Gloomhaven is many things to the board game community. It was, until I started writing this review, the number one game on Board Game Geek (you’re welcome Brass!). It’s a thematic dungeon crawler that has broad appeal to both Euro and ameritrash gamers. It’s a legacy game where you retire characters and unlock new ones based on a life goal. Its straight-forward concept yet deep gameplay makes each of the 90+ scenarios a puzzle to solve.
Starting out in Gloomhaven reminds me of a story from high school. I was testing to be a lifeguard at a Boy Scout camp and the last drill was to save someone “drowning”. Long story short, once I swam to the water polo player I was supposed to save, he leapt out of the water, tackled me, and then proceeded to spend the next few minutes tossing me around the waterfront much to the amusement of everyone else watching before he got bored and let me save him.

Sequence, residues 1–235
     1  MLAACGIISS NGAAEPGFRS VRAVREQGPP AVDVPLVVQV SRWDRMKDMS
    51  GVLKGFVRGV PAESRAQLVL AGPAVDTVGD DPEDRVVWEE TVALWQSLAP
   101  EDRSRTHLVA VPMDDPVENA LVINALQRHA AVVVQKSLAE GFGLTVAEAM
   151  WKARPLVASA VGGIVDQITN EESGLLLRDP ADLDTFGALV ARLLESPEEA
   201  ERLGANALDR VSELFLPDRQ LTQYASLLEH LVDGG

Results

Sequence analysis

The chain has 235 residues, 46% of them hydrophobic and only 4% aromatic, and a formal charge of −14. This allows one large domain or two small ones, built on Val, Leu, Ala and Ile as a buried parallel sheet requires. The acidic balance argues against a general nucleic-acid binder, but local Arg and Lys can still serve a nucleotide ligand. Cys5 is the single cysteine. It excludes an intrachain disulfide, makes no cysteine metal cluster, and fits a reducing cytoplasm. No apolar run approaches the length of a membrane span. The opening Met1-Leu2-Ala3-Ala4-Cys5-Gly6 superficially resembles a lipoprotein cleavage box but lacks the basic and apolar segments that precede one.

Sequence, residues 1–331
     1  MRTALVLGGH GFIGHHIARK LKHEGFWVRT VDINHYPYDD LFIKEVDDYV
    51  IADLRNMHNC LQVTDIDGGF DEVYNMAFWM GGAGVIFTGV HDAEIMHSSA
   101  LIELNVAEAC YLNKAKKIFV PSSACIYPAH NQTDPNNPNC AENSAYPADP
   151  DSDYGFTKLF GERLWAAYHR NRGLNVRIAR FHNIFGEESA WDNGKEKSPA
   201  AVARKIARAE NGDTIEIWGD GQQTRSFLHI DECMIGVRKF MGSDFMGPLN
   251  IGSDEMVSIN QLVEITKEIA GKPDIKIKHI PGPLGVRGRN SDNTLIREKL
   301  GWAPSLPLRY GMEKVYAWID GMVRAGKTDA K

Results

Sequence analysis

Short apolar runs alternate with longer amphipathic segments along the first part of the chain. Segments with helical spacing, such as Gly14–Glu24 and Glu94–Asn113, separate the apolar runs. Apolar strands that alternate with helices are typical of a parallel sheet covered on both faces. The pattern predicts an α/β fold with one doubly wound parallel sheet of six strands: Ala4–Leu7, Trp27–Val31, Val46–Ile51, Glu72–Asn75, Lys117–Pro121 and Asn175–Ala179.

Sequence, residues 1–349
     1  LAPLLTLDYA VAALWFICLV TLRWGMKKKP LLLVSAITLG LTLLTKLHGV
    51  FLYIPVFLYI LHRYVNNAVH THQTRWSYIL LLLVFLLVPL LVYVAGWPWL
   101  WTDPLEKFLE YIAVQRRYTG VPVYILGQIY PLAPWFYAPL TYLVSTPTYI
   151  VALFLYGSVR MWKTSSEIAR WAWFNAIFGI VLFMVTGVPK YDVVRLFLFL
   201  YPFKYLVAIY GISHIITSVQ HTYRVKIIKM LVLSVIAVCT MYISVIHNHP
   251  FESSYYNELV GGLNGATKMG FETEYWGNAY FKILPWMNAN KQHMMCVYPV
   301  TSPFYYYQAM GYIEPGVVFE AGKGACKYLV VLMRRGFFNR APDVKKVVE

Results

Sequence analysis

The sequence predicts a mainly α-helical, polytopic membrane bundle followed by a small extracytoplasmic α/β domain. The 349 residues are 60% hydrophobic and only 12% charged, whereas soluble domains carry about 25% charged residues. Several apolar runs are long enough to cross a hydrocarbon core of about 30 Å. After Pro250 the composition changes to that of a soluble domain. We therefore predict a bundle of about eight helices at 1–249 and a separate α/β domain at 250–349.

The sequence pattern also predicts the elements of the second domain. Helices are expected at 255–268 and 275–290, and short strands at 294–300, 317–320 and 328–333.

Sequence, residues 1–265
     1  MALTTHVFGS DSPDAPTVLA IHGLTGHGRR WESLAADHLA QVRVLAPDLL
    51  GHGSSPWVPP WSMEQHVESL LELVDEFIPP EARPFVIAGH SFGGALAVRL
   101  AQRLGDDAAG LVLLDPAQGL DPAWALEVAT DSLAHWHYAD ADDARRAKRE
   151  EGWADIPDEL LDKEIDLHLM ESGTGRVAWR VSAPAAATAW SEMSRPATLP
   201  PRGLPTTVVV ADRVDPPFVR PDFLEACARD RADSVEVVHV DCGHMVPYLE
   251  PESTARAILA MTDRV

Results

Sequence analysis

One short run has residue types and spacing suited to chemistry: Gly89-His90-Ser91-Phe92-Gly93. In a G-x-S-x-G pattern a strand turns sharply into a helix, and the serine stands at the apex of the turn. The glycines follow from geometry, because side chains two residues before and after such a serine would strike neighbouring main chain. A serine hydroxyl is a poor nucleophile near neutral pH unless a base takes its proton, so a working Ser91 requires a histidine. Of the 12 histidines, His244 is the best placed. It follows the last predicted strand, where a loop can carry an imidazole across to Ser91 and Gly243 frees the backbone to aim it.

What’s that story have to do with Gloomhaven? That’s kind of how the first mission felt but without the merciful ending.
Like most dungeon crawlers there are a lot of rules in Gloomhaven Jaws of the Lion so this section will just touch upon some of the key mechanics. The game also comes with a Learn to Play Guide which introduces the game and slowly adds mechanics through the first five scenarios to ease you into the experience (unlike its big brother which threw you in the deep end and smacked you around like my lifeguarding final).
Each scenario is played out in a spiral-bound book, like many Plaid Hat games, and has some flavor text along with special rules and goals.
Each turn of the game you pick two cards to play from your hand with a plan to use the top half of one card and the bottom half of the other card. You’ll select one of the two cards to be your initiative value between 1 and 99 with lower numbers going earlier in the round than higher values. Then draw a card for each monster type to determine their initiative and behavior. Then activate each character or monster in order.
Since players aren’t supposed to share their initiative, there’s a chance for miscommunication as well as the enemies doing something that thoroughly ruined your finely crafted plan. Each card can also be used as either a basic attack or basic move of two damage or spaces, respectively, which allows for some improvisation.